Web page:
About 8 million adults in the U.S. have ADHD, according to the Anxiety and Depression Association of America, and a significant percentage of them struggle with getting and staying organized.

“Attention deficit can be a useful tool when it comes to creativity and ingenuity, but if we’re not careful, we can stifle our own creativity and ingenuity with disorganization and procrastination,” said Chester Goad, a university administrator in the Nashville, TN, area who has attention deficit.

When to-do lists and clutter accumulate, someone with ADHD can become overwhelmed. “Things can not only get lost in the shuffle, they can get just plain lost,” Goad said.

Creating a strategy to manage your household makes it easier to find what you need, when you need it. Here, experts offer seven tips on getting organized if you, or someone you know, has ADHD.

1. Break It Up.

“ADHD is a disorder of intention, not attention,” said Gerald Nissley, a clinical psychologist in Marshall, TX, who specializes in ADHD. While it might be easy to concentrate on something highly interesting and stimulating, it can be tough to change the focus.

“Thus, it’s important to structure the organizing process in a way that allows it to be less daunting,” Nissley said.

One way to do this: Divide the project into manageable parts. If you’re going to put a room in order, start by standing in the middle of the space. Mark off grids, or sections, to be organized.

A couple of other ways to split up a project:

  • Make a list of what needs to be done in the room. When you complete a task, cross it off.
  • Draw a picture of the room and make notes to guide you through each step.

2. Set Up a Room Strategically.

“People with ADHD need frequent change, and by setting different spots for different activities, you’ll get a change of scenery,” said Judi Cineas, a psychotherapist in Palm Beach, FL.

If you have a desk in a room, consider adding a chair or window seat for reading in a different spot.

When arranging items, “set a place for everything in relation to where you will be using them,” Cineas suggested. Store keys by the door, reading glasses by a reading chair and bills in the place where you’ll sit down to pay them.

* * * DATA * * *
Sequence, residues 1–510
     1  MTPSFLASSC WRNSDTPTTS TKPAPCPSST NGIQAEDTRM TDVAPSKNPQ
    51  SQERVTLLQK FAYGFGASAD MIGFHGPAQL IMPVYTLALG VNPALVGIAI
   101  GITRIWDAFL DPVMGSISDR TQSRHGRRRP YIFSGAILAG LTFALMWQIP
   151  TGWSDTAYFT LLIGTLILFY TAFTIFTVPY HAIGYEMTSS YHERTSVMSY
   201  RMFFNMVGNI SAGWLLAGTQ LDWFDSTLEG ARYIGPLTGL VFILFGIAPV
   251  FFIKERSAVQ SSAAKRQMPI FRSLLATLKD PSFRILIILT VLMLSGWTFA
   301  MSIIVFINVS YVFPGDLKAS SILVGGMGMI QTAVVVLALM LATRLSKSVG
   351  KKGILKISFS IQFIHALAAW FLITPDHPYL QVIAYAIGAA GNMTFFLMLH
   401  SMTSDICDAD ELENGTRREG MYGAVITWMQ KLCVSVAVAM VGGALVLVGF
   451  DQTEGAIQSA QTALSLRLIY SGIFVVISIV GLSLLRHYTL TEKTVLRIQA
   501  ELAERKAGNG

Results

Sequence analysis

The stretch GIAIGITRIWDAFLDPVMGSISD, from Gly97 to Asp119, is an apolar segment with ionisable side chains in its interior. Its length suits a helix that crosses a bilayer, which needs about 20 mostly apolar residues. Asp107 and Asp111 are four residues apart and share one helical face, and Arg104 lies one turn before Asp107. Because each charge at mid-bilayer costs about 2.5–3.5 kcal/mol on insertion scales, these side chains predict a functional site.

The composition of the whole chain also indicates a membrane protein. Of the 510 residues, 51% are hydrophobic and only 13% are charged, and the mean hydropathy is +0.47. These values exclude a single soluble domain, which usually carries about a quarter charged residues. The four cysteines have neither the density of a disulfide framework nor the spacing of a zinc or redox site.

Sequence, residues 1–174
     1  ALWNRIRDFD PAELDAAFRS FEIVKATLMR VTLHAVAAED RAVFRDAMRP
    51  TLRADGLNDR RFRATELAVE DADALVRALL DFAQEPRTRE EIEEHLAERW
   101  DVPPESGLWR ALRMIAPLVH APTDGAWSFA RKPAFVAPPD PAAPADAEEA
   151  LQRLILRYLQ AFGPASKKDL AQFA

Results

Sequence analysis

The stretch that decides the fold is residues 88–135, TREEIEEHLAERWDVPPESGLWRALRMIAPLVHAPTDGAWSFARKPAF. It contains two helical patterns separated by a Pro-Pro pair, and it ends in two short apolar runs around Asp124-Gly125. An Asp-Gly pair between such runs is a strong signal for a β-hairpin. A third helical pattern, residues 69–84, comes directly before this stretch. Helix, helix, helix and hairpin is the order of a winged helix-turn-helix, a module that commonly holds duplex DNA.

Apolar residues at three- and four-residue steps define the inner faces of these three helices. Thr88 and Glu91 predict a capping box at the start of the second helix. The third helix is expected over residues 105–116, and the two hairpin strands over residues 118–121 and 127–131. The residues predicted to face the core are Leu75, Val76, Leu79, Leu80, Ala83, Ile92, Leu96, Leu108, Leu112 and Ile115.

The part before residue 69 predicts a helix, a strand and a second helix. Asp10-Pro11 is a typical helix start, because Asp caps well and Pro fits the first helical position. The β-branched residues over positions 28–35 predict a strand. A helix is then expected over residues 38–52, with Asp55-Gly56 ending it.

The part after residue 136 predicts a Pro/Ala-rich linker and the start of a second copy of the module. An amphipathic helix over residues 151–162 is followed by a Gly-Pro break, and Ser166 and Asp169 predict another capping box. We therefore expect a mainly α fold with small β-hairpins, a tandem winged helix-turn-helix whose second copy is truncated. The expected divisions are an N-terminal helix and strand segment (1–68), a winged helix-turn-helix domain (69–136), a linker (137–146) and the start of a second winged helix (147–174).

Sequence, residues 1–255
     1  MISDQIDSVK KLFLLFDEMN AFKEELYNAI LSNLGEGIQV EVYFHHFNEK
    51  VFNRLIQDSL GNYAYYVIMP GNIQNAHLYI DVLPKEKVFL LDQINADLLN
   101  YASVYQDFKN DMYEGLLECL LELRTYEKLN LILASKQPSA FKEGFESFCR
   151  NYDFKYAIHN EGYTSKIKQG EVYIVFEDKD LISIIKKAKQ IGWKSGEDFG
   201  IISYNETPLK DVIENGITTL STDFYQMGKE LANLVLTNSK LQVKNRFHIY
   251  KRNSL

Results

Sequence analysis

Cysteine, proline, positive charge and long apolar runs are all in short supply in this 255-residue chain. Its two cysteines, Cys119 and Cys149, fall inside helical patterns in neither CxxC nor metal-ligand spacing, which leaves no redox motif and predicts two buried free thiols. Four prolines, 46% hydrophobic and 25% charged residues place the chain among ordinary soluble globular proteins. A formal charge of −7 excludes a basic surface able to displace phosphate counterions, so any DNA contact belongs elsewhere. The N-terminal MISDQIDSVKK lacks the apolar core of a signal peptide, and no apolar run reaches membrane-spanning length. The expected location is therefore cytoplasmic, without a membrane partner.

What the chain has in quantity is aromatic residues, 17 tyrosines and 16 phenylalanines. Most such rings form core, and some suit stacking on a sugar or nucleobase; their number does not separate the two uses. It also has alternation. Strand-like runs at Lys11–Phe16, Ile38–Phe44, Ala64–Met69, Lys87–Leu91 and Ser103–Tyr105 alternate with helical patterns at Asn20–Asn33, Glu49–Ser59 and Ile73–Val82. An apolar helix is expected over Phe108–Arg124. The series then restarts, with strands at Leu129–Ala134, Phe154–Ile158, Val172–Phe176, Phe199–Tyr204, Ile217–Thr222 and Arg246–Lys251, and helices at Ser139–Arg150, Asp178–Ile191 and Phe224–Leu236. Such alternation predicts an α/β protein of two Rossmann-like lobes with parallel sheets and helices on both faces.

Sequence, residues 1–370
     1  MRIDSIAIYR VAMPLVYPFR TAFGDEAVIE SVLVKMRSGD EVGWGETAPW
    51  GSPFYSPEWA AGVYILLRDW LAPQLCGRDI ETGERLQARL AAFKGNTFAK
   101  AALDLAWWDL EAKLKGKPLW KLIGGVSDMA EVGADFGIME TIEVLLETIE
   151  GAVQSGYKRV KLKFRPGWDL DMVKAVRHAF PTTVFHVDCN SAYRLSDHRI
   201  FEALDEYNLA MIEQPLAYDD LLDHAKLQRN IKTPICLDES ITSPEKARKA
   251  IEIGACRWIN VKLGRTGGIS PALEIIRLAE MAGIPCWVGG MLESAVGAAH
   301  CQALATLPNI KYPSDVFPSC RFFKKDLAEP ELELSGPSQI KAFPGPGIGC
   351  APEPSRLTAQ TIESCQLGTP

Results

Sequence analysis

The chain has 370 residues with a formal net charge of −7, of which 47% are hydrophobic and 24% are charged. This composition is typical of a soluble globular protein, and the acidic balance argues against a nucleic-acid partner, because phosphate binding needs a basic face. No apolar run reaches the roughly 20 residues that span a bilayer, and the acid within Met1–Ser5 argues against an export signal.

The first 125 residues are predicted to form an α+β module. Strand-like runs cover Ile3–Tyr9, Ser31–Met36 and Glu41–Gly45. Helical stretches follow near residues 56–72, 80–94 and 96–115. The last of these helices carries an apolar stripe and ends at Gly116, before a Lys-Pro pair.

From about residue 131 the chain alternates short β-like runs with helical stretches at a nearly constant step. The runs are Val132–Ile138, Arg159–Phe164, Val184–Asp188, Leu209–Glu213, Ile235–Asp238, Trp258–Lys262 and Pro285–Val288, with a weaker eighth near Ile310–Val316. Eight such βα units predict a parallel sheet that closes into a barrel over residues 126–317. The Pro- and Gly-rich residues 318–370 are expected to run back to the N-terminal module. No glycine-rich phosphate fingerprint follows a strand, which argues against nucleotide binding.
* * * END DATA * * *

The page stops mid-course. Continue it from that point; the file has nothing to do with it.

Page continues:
3. Schedule Your Sessions.


Instead of trying to organize for an entire day or weekend, aim for small, short sessions. You might mark on your calendar that you plan to work for 30 minutes and then take a break.

To track time, set a timer or a music playlist, Nissley said. When the music ends or the timer rings, take a break and then start again.

4. Bring in a Partner.

Ask a friend, family member or professional organizer to help. “The social aspect can be stimulating, which is important for intention for folks who experience ADHD,” Nissley said.

Your organizing companion also can help you decide what to keep and what to toss, or carry out bags of donated items.

5. Know What You Like.

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It can be easy to read organizing magazines and come up with ideas that items have to be arranged a certain way. Avoid that tendency, said Debbie Lillard, a professional organizer in the Philadelphia, PA, area who has worked with clients who have attention deficit.

Instead, go with what works best for you. If you like visual clues, try color coding, Lillard said. You might keep medical records in blue file folders, financial paperwork in green folders and school-related documents in red ones.

6. Line Up Rewards.

To stay motivated, schedule a reward after each organizing session, or when the project is complete.

Align the reward with the organized space. “If you clean out the closet, buy yourself something new that you need,” Lillard said. Or plan a party and invite friends to enjoy your tidied-up living room.

7. Move Things With You.

“Set a rule that every time you move in your house, something else moves with you,” Goad said.

If you’re headed to the kitchen from the living room, grab a glass and take it along. Do the same with laundry, sports gear and papers.

Rachel Hartman